Issue 6: How the Wealth Maximization Account Complements Your IRA
The subject for March is tax strategy. Specifically, one of the most common ways Americans save money for retirement and get a tax deduction—the IRA. My hope is that you walk away from this month's reading with a renewed vision of your future and new ideas of how to get there faster.
To know for yourself whether a financial product is the right fit, you must know more than one perspective. What was your opinion of whole life insurance before meeting with a Wealth Strategist and learning the benefits of a Wealth Maximization Account? There is a lot of misinformation out there about wealth strategy. The IRA is commonly lauded as the must-have retirement account. It is rarely (if ever) analyzed as being a financial tool that may NOT represent the best interest of those who use it.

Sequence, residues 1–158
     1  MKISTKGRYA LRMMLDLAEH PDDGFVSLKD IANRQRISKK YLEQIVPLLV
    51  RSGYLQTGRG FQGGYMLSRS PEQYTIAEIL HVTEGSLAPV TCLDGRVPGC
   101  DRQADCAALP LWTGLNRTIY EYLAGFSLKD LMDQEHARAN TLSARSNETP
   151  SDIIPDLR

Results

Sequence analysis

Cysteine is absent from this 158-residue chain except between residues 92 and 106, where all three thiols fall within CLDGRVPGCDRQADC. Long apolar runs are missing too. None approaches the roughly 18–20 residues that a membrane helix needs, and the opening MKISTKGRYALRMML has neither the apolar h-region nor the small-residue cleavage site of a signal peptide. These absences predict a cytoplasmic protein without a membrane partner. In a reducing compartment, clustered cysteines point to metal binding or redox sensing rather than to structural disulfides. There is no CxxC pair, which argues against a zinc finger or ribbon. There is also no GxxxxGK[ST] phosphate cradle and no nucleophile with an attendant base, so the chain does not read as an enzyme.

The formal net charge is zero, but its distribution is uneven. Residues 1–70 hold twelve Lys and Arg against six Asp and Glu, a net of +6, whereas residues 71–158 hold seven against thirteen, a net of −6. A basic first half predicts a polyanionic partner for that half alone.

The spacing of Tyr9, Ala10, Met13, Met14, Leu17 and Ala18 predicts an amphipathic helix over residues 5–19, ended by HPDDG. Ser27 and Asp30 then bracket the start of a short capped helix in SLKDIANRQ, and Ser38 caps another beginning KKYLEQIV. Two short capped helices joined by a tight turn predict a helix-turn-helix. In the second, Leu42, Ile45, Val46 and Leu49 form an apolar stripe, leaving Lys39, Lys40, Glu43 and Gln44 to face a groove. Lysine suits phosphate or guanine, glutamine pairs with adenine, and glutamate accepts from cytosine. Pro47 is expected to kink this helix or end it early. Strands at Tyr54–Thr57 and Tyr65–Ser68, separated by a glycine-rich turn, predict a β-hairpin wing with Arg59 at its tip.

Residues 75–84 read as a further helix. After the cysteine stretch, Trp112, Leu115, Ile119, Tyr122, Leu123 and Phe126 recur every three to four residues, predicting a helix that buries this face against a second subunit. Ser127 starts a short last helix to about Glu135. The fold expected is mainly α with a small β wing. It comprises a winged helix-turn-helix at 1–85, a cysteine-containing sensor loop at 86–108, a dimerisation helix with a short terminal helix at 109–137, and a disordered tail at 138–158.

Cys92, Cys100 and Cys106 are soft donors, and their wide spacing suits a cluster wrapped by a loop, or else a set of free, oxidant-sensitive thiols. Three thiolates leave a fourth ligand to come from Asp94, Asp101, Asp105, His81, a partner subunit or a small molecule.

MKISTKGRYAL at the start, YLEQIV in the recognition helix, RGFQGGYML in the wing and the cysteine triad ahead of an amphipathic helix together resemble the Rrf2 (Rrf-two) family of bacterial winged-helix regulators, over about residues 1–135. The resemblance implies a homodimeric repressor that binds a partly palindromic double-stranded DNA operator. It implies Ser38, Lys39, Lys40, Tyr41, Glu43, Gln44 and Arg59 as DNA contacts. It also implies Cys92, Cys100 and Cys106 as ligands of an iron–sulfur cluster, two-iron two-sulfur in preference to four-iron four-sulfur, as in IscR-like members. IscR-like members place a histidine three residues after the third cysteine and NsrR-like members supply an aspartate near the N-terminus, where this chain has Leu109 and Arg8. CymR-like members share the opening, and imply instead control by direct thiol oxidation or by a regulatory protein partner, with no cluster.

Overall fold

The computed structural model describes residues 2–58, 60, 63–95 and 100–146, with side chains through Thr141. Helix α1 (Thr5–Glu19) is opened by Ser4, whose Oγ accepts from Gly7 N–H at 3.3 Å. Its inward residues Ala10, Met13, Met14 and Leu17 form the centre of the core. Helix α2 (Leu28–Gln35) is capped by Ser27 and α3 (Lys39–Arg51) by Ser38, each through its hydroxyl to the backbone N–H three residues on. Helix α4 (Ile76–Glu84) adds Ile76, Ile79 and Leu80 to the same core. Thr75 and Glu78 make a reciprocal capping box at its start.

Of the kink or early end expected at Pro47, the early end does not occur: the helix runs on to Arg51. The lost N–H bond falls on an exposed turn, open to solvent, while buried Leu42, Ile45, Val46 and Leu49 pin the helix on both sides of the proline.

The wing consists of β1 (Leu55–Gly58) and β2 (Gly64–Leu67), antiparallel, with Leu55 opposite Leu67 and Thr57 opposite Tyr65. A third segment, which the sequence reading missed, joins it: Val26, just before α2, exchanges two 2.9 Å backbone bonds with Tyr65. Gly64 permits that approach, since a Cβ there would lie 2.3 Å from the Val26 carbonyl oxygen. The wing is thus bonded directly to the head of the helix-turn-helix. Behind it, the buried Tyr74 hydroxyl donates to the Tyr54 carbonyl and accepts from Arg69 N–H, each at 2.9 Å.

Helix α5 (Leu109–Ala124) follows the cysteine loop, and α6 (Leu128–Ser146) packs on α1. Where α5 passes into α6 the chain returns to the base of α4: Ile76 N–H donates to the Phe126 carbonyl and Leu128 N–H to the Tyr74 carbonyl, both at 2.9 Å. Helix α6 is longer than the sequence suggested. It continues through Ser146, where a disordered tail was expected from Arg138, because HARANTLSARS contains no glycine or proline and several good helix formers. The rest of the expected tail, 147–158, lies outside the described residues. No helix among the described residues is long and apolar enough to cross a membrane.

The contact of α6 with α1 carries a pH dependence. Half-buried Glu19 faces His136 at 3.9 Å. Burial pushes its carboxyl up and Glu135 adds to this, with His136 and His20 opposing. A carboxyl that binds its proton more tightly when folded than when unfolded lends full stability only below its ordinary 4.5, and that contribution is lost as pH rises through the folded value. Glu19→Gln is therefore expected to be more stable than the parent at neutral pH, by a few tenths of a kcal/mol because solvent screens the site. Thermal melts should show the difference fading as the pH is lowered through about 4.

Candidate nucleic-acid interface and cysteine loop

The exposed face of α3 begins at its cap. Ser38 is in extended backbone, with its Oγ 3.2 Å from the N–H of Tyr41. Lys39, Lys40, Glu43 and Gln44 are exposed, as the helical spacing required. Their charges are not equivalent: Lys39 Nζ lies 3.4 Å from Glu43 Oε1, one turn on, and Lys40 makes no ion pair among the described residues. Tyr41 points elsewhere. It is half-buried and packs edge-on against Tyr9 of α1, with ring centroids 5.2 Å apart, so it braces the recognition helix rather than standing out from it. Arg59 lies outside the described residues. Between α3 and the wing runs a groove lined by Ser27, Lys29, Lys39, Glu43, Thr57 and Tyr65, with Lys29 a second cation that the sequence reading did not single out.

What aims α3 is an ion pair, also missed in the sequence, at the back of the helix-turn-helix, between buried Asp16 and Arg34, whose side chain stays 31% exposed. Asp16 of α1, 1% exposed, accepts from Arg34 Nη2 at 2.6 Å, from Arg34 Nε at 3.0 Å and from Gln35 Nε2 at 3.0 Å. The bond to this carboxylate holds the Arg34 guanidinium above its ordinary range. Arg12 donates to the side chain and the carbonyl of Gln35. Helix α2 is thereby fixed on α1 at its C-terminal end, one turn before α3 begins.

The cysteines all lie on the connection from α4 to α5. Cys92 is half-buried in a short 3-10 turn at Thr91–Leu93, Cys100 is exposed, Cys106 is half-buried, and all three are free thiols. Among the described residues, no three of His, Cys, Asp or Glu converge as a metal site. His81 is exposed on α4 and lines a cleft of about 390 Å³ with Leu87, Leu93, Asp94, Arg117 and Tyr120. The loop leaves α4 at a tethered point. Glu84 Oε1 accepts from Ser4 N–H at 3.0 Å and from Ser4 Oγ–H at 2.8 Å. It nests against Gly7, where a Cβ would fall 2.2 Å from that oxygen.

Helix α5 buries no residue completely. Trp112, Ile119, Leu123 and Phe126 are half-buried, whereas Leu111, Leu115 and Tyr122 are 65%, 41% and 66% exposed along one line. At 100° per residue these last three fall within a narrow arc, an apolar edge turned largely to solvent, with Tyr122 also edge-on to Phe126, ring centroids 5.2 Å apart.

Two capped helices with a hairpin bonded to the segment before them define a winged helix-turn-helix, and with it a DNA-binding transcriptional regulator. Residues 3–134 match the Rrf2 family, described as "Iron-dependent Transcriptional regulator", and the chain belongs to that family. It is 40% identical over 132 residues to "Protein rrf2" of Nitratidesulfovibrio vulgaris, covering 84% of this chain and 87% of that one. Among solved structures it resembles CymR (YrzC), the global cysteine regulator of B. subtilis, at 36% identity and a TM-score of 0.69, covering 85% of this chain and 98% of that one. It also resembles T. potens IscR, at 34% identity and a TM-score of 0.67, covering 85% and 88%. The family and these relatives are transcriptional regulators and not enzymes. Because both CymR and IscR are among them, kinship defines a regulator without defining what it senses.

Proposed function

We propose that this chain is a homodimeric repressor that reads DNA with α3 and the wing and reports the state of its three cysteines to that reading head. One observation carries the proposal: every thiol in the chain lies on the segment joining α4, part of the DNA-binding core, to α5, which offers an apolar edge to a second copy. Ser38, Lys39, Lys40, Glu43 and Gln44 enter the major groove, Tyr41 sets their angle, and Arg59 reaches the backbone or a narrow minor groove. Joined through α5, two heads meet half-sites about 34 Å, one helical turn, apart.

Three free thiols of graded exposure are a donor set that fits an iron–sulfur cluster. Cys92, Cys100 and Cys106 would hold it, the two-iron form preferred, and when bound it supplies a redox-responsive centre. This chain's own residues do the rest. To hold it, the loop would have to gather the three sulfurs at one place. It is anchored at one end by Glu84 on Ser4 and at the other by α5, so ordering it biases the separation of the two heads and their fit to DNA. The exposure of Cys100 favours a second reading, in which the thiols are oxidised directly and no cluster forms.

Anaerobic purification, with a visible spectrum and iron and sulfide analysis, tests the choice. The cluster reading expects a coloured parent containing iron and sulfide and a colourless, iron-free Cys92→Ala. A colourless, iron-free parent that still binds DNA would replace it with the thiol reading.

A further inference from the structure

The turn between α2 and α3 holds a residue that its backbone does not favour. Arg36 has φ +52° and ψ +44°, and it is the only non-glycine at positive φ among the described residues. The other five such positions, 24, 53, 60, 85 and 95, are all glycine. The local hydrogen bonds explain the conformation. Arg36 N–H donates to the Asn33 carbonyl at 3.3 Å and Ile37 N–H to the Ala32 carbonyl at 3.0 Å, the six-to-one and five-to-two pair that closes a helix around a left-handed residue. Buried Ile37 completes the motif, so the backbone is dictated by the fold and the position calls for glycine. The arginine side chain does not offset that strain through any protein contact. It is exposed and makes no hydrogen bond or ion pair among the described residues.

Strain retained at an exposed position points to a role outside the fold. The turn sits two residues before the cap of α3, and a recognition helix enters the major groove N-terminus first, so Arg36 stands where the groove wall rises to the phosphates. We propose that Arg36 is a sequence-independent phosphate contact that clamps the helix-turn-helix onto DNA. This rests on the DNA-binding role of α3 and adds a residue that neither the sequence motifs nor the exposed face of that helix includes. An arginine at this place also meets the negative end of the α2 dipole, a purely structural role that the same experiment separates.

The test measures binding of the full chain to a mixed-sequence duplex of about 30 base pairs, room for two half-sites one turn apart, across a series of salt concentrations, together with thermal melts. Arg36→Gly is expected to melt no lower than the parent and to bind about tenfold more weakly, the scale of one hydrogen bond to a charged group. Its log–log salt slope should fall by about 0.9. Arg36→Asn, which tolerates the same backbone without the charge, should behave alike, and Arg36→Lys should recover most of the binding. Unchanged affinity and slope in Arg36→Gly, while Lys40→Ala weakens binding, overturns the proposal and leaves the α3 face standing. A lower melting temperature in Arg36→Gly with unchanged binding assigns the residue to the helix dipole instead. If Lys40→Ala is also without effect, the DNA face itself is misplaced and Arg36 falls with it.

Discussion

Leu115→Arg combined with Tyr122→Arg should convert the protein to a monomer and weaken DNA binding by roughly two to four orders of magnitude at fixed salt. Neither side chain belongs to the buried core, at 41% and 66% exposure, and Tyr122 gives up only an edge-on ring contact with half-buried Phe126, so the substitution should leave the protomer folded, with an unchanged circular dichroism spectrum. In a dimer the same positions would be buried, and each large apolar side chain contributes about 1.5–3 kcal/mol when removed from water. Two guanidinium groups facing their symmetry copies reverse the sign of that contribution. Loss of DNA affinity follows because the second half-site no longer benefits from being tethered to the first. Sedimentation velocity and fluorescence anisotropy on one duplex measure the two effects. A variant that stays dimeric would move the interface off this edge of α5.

"Success is achieved by people who deeply understand reality and know how to use it to get what they want. The converse is also true: idealists who are not well-grounded in reality create problems, not progress." - Ray Dalio
Define Your Results & Purpose
Recently I was part of an investment summit in Pasadena, California. The summit was small and revolved around a group of about fifty investors who were pitched by a handful of start-up companies.
At the end, we were broken into groups of eight and had 15 minutes to create a three-minute business pitch that would be made in front of the group. My group was assigned a technology that would notify parents if a child left a pre-set perimeter while in a public place.
We began, chaotically. The group instantly broke into three separate conversations about how the technology would work.
"Should the device be GPS, Bluetooth, or Beacon technology?"
"Should it be wearable or disguised?
"Guys!" I reluctantly interrupted.